I'm sure I'm missing something obvious here, but why is this only "I have arrived" and not also possibly "They have arrived"?
Edit: I think I just answered my own question later on in the lesson, but I'm throwing it out here in case someone else is wondering the same thing or in case I'm wrong and someone feels like correcting me. Arrivata has to agree with the subject so this would be the appropriate sentence only for a self-referencing female speaker correct? If it was "they" it would be something to the effect of "Sono arrivati alla stazione"?
That's how you conjugate a verb that is using "essere"
- Masculine singular : Sono arrivato
- Feminine singular : Sono arrivata
- Masculine plural : Essi arrivati
- Feminine plural : Essi arrivate
The sentence "Sono arrivata alla stazione." shows that the subject is feminine and singular.
It depends on the verb. Most verbs would use a form of "avere" as the auxiliary verb, as in "ho trovato".
Some verbs use a form of "essere", as in "sono arrivato". Some describe them as verbs of motion. But that can be misleading. I think of them as verbs of coming and going, but that doesn't account for "to stay", for example.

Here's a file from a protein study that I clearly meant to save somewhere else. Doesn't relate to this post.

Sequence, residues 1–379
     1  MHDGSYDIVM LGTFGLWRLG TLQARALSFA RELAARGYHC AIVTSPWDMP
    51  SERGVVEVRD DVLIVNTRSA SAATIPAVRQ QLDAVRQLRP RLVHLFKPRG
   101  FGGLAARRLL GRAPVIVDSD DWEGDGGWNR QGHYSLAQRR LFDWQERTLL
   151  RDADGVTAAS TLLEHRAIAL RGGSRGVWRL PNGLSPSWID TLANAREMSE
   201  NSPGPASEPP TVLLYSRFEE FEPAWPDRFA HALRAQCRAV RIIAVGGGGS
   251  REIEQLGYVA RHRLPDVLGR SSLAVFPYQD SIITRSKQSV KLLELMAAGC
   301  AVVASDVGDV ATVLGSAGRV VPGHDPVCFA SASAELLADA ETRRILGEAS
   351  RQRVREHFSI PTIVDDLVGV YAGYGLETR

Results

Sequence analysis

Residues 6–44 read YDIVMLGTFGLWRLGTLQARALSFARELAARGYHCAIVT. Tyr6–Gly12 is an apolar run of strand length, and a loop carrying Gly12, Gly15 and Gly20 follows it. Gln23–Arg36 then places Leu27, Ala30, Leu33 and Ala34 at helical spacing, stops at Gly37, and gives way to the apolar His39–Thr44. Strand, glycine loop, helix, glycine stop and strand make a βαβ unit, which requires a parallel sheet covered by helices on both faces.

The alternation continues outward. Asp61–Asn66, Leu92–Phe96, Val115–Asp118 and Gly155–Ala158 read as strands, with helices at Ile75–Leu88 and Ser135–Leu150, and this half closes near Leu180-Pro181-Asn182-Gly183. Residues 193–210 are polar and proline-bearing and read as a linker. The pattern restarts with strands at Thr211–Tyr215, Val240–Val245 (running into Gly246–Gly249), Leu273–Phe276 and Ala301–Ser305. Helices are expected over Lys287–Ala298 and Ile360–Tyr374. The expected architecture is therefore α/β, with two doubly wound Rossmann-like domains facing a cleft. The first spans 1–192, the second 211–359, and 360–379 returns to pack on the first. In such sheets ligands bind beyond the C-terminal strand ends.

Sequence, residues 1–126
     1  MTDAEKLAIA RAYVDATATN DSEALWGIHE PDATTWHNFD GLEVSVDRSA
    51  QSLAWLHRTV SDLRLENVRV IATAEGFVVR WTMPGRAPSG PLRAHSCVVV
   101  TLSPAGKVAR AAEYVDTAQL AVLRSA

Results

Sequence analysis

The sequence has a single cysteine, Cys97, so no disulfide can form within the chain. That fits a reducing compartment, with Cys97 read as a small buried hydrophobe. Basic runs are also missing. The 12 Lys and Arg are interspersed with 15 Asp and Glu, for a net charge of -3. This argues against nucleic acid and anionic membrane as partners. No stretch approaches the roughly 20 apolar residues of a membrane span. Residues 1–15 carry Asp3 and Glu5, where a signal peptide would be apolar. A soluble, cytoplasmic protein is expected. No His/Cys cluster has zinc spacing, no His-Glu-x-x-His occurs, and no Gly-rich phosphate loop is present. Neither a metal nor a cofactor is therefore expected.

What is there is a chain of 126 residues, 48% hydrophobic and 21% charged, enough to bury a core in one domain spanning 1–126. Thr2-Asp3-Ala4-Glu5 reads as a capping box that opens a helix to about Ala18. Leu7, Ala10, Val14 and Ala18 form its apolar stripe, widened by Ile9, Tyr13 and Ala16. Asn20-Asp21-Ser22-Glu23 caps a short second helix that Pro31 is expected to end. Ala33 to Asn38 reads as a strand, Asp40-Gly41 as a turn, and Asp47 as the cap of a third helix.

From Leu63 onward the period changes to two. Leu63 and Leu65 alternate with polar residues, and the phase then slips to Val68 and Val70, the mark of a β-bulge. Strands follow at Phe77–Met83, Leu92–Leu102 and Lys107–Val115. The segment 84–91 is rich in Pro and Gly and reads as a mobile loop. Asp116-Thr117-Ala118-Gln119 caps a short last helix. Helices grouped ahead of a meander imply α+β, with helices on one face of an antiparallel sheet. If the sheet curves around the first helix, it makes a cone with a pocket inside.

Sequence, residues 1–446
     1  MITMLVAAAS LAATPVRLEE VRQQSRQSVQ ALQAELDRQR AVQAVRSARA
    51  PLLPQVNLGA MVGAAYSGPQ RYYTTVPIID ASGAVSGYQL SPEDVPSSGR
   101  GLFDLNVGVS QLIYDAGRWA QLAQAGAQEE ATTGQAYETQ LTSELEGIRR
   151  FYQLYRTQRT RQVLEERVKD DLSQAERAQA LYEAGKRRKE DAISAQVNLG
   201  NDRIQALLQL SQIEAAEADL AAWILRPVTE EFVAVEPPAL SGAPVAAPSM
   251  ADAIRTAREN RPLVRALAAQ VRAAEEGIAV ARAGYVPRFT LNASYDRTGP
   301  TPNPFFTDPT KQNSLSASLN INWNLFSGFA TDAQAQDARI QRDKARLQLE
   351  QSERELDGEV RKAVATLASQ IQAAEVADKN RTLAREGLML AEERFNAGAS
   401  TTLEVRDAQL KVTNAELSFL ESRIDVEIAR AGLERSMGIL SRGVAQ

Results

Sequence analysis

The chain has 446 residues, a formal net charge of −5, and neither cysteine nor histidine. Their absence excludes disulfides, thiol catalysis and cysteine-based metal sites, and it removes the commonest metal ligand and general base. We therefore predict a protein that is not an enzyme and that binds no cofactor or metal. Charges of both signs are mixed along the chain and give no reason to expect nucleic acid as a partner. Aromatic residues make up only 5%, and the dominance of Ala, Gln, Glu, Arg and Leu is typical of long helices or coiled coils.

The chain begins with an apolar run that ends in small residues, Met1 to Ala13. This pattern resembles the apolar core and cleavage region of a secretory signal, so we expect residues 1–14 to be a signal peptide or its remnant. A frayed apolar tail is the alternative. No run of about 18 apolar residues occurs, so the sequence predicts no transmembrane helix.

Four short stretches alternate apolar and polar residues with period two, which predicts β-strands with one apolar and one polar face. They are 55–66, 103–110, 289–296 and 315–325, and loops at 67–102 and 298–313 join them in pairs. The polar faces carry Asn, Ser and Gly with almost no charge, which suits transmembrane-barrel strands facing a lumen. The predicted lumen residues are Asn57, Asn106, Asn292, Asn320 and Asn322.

I find it easier to learn them in pairs or groups, like "to be born"/"to die", "to come in"/"to go out", etc. Notice that these verbs don't have a direct object.
Common verbs that use "essere" are :
to come, venire (venuto)
to go, andare (andato)
to enter, entrare
to go out, uscire
to be born, nascere
to die, morire
to arrive, arrivare
to remain, rimanere
to stay, be stare
to leave, partire
to disappear, sparire
to come back/return, tornare
to be, essere
All reflexive verbs use essere as the auxiliary verb.
There are many explanations of the passato prossimo on-line. Here is just one example with an explanation in english : http://www.unc.edu/~achamble/passatoprossimo.html